Szigeti R, Kellermayer R. Autosomal-dominant calcium ATPase Disorders. J Invest Dermatol. 2006;126:2370-2376.
Yoon TY, Kim JW, Kim MK. Successful treatment of Darier disease with topical 5-fluorouracil. Br J Dermatol. 2006;156:1210-1212.
Dhitavat J, Fairclough RJ, Hovnanian A, Burge SM. Calcium pumpts and keratinocytes: lessons from Darier's disease and Hailey-Hailey disease. Br J Dermatol. 2004;50:821-828.
Dhitavat J, Dode L, Leslie N, Sakuntabhai A, Lorette G, Hovnanian A. Mutations in the sarcoplasmic/endplasmic reticulum CA2+ ATPase isoform cause Darier disease. J Invest Dermatol. 2003b;121:486-489.
Dhitavat J, Macfarlane S, Dode L, et al. Acrokeratosis verruciformis of Hopf is caused by mutation in ATP2A2: evidence that it is allelic to Darier's disease. J Invest Dermatol. 2003c;120:229-232.
Exadaktylou D, Kurwa HA, Calonje E, Barlow RJ. Treatment of Darier's disease with photodynamic therapy. Br J Dermatol. 2003;149:606-10.
Hulatt L, Burge S. Darier's disease: hopes and challenges. J R Soc Med. 2003;96:439-441.
Sakuntabhai A, Dhitavat J, Burge S, Hovnanian A. Mosaicism for ATP2A2 mutations causes segmental Darier's disease. J Invest Dermatol. 2000;115:1144-1147.
Beier C, Kaufmann R. Efficacy of erbium:YAG laser ablation in Darier disease and Hailey-Hailey disease. Arch Dermatol. 1999;135:423-427.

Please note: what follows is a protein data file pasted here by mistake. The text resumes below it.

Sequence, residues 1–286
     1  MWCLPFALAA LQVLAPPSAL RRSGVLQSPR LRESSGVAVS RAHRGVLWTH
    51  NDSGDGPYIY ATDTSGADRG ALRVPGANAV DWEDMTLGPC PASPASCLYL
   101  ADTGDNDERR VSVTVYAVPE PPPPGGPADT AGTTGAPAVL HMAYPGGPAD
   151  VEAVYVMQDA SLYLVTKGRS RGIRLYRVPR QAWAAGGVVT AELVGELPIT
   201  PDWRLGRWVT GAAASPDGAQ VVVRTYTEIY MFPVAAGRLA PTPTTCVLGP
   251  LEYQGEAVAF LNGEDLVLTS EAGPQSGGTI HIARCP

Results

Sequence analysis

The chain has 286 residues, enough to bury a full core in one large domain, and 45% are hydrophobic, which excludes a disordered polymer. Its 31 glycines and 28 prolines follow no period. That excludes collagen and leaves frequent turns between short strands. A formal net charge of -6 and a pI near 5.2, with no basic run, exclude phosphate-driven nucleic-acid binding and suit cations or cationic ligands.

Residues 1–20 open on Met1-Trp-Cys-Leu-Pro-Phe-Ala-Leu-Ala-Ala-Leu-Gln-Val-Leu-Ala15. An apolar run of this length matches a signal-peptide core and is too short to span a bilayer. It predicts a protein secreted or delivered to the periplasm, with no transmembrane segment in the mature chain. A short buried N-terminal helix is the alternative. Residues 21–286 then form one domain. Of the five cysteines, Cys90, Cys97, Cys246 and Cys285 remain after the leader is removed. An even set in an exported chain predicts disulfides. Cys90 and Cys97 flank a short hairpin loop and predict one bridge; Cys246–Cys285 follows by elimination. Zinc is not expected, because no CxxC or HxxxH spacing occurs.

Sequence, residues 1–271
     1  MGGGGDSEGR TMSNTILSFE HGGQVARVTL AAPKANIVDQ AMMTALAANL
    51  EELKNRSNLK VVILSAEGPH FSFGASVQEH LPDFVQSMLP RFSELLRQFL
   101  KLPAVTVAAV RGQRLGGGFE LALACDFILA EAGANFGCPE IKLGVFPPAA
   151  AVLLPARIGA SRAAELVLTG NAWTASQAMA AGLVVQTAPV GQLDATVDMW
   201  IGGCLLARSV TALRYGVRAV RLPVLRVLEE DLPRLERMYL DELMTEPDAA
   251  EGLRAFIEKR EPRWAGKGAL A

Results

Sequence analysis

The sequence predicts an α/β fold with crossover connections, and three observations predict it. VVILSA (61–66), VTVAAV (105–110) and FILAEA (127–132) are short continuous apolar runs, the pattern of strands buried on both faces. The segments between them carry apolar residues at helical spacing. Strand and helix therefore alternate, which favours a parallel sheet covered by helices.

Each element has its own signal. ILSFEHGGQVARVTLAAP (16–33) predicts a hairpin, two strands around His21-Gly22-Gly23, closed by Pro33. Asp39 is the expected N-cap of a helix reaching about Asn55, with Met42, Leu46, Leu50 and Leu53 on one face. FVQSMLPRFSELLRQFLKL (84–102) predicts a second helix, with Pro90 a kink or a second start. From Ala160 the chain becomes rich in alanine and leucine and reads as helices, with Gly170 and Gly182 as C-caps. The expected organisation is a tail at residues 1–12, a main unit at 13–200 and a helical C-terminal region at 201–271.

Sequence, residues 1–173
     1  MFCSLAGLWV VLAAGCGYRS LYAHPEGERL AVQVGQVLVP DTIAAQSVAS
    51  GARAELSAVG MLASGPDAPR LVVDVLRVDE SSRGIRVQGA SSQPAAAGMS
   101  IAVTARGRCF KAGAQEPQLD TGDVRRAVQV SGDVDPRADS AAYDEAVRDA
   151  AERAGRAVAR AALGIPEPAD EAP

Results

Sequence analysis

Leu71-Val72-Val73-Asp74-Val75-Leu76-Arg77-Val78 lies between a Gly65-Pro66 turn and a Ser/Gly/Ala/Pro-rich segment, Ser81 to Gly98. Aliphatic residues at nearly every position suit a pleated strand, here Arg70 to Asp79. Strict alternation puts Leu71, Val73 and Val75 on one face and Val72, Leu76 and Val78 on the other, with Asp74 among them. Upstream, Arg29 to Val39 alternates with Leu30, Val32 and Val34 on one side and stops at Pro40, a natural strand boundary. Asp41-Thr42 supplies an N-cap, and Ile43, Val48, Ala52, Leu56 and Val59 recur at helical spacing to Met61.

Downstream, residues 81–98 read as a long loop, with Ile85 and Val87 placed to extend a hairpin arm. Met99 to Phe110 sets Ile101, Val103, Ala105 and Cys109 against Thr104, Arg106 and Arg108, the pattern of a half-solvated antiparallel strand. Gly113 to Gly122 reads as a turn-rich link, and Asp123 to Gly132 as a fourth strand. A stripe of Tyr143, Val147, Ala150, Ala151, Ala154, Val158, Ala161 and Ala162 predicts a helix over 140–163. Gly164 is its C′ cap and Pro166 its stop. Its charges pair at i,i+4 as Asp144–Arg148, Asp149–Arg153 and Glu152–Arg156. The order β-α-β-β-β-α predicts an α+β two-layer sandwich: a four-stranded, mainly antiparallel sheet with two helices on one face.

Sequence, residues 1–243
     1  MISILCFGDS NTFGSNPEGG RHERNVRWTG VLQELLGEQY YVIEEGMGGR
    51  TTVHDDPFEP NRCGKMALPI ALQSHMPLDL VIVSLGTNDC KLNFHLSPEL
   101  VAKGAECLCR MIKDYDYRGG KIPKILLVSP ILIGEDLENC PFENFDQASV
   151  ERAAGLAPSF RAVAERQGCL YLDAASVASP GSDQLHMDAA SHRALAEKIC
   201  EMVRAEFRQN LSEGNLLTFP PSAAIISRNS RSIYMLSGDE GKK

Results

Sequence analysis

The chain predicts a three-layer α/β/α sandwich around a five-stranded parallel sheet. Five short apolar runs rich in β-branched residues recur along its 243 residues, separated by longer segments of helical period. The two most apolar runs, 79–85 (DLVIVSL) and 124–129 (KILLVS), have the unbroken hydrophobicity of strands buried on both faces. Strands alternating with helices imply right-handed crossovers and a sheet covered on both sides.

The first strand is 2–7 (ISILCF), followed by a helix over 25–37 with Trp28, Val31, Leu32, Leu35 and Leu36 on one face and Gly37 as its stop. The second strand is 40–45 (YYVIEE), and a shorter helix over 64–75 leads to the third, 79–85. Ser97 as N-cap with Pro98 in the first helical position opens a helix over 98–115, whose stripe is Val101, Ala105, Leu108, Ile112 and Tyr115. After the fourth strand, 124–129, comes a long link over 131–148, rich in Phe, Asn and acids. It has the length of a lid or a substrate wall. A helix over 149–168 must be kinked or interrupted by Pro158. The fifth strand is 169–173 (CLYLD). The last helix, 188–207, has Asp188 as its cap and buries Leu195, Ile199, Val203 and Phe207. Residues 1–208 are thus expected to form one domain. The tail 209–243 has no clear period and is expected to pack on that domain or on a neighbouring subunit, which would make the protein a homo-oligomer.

Burge S. Darier's disease - the clinical features and pathogenesis. Clin Exp Dermatol. 1994;19:193-205.
Kwok PY.and Bhutani, T. Keratosis Follicularis (Darier Disease). Emedicine Journal, May 14, 2010. Available at: http://www.emedicine.com/DERM/topic209.htm Accessed on: January 26, 2012.
McKusick VA., ed. Online Mendelian Inheritance in Man (OMIM). Baltimore. MD: The Johns Hopkins University. Last Update:7/22/11. Entry No:124200 http://omim.org/entry/124200 Accessed On:January 26, 2012.
The information in NORD’s Rare Disease Database is for educational purposes only. It should never be used for diagnostic or treatment purposes. If you have questions regarding a medical condition, always seek the advice of your physician or other qualified health professional. NORD’s reports provide a brief overview of rare diseases. For more specific information, we encourage you to contact your personal physician or the agencies listed as “Resources” on this report.
The National Organization for Rare Disorders (NORD) web site, its databases, and the contents thereof are copyrighted by NORD. No part of the NORD web site, databases, or the contents may be copied in any way, including but not limited to the following: electronically downloading, storing in a retrieval system, or redistributing for any commercial purposes without the express written permission of NORD. Permission is hereby granted to print one hard copy of the information on an individual disease for your personal use, provided that such content is in no way modified, and the credit for the source (NORD) and NORD’s copyright notice are included on the printed copy. Any other electronic reproduction or other printed versions is strictly prohibited.
Copyright ©1987, 1990, 1991, 1996, 2003, 2008, 2012
Report last updated: 2012/02/01 00:00:00 GMT+0
NORD's Rare Disease Information Database is copyrighted and may not be published without the written consent of NORD.